Theoretically speaking therefore, the face of the cutter suitable to working the entire semicircle or bead, would become cone, or like a tube of steel bored with a hole of the same diameter the bead, turned at one end externally like a cone, and split in two parts. Fig. 847 would represent such a cutter, and which just resembles a half round gouge applied horizontally and sharpened externally. But this theoretical cutter would present all the difficulties of the spokeshave iron; as to the trouble of fixing it, its interference with the sole of the plane, and the diffi-culty of maintaining the form of the mouth of the instrument, if made as a spokeshave, owing to the reduction of the cutter in sharpening.*

But as the iron 3, and also the side-rebate, fig. 346, work perfectly well in their respective positions, or when the cutters are inclined horizontally, whilst the central iron 2, only requires to be inclined vertically, it occurred to me that by employing a cutter in all respects as usual, except that its face should be curved as in the arc connecting the three irons in fig. 345, the one tool would cut equally well at every point of the curve; and experience proved the truth of the supposition. The precise form of the iron will be readily arrived at, by cutting out in card the diagram, fig. 348, and bending it to a circular sweep, until the parts exterior to the dotted lines bf, - d g, just meet the spring of the bead, at about the angle of half or middle pitch, or 30 or 35 degrees from the right angle, and it will be then found necessary to cut away the corners to the lines b s, - d s, or so much of them as dip below the straight surface of the fillet, as seen in fig. 349.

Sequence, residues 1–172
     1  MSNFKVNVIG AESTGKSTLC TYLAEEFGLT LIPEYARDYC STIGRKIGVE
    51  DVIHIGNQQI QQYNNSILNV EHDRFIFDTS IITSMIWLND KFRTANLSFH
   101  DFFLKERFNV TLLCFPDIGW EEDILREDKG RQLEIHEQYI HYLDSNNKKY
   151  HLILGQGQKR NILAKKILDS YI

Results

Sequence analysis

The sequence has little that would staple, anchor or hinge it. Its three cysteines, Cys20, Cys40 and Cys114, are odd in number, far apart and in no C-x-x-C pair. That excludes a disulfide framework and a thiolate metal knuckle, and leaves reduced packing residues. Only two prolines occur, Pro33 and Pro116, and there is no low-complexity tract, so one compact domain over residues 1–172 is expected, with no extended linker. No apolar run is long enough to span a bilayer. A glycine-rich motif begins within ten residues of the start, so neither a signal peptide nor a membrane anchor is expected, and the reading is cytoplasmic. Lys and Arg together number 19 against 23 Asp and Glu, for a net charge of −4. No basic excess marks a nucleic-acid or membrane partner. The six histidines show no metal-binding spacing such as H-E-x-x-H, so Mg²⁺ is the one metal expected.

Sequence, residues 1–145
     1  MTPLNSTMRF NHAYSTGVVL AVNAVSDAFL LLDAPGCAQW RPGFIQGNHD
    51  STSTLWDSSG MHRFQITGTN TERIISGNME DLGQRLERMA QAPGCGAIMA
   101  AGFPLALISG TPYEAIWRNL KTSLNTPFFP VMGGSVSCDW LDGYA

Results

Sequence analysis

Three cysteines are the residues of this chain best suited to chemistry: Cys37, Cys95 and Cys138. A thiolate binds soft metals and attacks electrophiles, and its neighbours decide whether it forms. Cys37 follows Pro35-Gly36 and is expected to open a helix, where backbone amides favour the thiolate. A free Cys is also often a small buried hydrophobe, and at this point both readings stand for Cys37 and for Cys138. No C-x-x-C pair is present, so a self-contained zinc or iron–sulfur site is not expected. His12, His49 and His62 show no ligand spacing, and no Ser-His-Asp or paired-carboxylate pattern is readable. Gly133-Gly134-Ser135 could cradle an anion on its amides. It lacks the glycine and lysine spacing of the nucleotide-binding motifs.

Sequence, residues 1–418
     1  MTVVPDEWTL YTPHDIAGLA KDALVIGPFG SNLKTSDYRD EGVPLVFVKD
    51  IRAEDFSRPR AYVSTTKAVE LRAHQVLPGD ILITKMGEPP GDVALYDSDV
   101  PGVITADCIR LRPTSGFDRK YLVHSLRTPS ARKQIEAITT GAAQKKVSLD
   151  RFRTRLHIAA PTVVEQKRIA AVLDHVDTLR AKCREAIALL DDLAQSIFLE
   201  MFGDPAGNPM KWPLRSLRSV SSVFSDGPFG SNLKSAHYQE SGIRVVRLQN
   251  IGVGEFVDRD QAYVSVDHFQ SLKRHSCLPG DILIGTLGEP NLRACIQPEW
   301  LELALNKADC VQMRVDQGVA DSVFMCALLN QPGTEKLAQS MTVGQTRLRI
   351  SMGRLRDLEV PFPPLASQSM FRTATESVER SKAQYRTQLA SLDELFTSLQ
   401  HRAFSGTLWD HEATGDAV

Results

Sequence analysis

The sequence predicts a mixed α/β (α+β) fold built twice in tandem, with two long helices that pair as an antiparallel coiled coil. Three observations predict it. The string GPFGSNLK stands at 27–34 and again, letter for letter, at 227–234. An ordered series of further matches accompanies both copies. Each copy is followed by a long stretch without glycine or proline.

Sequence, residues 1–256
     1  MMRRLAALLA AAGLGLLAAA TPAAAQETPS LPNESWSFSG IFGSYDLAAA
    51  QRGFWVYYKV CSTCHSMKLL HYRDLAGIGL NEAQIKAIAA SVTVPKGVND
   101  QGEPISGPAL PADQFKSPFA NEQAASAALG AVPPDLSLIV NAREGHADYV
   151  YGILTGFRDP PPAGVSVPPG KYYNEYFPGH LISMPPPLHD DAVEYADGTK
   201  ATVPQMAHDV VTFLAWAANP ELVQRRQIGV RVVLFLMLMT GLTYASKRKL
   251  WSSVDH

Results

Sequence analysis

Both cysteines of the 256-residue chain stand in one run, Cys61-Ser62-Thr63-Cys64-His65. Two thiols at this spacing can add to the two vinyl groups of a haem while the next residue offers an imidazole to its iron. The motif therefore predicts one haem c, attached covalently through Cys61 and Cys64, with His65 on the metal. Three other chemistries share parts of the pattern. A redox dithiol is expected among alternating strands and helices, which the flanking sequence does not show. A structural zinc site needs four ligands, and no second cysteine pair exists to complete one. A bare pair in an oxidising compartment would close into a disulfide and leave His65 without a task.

The author had a plane constructed exactly in agreement with the above particulars, that is, with an iron curved to about the third of a circle, the mouth of the plane was curved to correspond, and in every other respect the instrument was as usual; it was found entirely successful.

The inclination of the tool to each part of the work is very

* The cutter 347, is used fur making the cylindrical rollers upon which ribbons are wound; the cutter is fixed at the end of * slide, and is worked by a lev the cylinders are made at two cuts in lengths of 8 or 10 inches, and afterwards nearly alike, and it assimilates at different parts to each of the ordinary rebate planes, all of which work well. Namely, at the crown of the moulding c, to the square rebate plane; at the spring b and d, to the side rebate planes; and at the fillets a b, d e, to the skew rebate. And notwithstanding the fluted form of the iron, no greater difficulty is experienced in sharpening the iron in the new form like a gouge, than in the old like a chisel, the figure of the end being nearly alike in each case.*